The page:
During his first term as US president, Obama’s record on the foreign policy front was seen to be no better and even worse than his predecessor Bush, with wars being stepped up and new theatres of conflict opened. Might we take some comfort from believing that Obama’s victory over Mitt Romney was a case of the lesser of two evils?

World in brief

What else happened in 2012?

* In February, at least 79 people were killed and more than 1,000 were injured after a football match in Egypt. In Honduras, a fire at a prison killed 360, and during March, a series of explosions took place at a munitions dump in Brazzaville, the capital of the conflict-ridden Republic of the Congo, killing at least 250 people.

* In May, a pastel version of ‘The Scream’ by Norwegian painter Edvard Munch sold for $120 million in a New York auction, setting a new world record for an auctioned work of art.

* Also in May, more than 100 were feared dead after a ferry capsized in the Brahmaputra river, Assam. In July, further tragedy struck, this time near Nellore in Andhra, as part of the Tamil Nadu Express caught fire, killing 32 people.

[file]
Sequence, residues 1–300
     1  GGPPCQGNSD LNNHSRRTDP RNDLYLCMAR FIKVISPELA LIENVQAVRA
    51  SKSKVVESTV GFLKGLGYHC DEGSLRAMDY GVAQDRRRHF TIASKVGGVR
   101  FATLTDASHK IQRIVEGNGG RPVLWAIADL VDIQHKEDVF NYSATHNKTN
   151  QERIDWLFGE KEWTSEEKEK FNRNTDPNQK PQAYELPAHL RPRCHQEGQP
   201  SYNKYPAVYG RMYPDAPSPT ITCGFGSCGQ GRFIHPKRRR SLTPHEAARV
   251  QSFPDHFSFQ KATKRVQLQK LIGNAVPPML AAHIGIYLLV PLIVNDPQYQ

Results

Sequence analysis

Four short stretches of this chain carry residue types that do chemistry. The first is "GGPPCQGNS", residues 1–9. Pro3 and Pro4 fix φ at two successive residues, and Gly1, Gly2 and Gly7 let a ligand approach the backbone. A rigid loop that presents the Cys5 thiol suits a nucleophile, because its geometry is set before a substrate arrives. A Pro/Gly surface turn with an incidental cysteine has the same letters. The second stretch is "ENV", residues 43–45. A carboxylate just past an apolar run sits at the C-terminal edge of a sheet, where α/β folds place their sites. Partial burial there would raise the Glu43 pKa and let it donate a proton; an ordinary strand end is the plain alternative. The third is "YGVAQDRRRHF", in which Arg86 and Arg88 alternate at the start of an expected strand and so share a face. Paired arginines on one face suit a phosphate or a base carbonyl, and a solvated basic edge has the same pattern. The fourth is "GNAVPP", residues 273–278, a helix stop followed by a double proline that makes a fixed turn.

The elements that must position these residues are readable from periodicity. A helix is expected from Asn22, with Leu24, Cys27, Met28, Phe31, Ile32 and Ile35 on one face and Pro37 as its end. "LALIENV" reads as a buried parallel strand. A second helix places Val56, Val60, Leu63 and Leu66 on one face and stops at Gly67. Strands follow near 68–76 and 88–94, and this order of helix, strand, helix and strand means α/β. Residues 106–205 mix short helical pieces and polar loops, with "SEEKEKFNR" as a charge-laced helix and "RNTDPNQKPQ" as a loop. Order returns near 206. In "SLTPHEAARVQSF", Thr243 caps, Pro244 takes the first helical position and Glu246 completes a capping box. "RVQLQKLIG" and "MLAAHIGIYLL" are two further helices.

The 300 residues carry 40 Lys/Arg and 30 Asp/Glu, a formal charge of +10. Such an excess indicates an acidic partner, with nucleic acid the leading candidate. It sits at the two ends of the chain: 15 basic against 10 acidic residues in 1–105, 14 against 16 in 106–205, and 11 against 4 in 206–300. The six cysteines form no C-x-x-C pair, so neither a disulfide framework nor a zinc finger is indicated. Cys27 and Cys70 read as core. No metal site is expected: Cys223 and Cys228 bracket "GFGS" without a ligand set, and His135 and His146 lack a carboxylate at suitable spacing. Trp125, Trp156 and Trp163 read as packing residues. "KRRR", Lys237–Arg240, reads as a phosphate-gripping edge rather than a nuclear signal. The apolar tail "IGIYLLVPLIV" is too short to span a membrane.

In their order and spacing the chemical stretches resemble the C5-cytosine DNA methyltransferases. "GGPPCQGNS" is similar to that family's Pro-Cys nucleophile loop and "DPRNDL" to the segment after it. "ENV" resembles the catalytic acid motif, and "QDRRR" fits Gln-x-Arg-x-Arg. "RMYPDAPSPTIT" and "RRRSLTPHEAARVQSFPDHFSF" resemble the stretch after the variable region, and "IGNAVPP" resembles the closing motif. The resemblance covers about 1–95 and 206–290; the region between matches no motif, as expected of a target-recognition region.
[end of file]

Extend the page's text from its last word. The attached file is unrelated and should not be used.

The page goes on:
* More bad news in June as 17 people were killed by paramilitary police in Chhattisgarh. Among those killed were a 12-year-old girl, a 15-year-old boy, and two 16-year-old school students.

* Ethnic tensions led to outbreaks of violence in Assam during July and August, leaving scores of people dead and leading to the displacement of lakhs. The situation spilled over into states and cities throughout India.

* During September, a series of attacks were directed against US diplomatic missions worldwide. While the US cited the screening of a YouTube trailer for the film Innocence of Muslims as the cause, it was later discovered that these events were not spontaneous protests, but premeditated attacks.

* In the same month, fire ravaged a textile factory complex in Karachi, killing almost 300 workers trapped behind locked doors, and October saw Hurricane Sandy bring devastation to the east coast of the US.